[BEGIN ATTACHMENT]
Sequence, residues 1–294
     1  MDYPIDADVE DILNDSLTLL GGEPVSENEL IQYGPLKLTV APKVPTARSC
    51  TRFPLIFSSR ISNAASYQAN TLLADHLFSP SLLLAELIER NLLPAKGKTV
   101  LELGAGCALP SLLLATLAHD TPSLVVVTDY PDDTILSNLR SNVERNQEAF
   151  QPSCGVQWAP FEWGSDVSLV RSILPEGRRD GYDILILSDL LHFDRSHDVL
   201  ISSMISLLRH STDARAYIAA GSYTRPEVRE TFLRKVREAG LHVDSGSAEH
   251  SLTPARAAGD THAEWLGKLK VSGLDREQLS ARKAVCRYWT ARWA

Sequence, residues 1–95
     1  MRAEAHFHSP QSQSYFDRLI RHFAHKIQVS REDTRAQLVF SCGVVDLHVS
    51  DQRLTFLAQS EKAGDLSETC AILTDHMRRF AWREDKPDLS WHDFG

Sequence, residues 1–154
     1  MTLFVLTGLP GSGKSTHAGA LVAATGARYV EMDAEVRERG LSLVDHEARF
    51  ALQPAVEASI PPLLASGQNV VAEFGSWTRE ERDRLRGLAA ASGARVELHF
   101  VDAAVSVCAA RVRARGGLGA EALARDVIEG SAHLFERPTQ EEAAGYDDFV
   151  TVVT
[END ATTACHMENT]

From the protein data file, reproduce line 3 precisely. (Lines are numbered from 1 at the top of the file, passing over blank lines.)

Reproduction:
    51  TRFPLIFSSR ISNAASYQAN TLLADHLFSP SLLLAELIER NLLPAKGKTV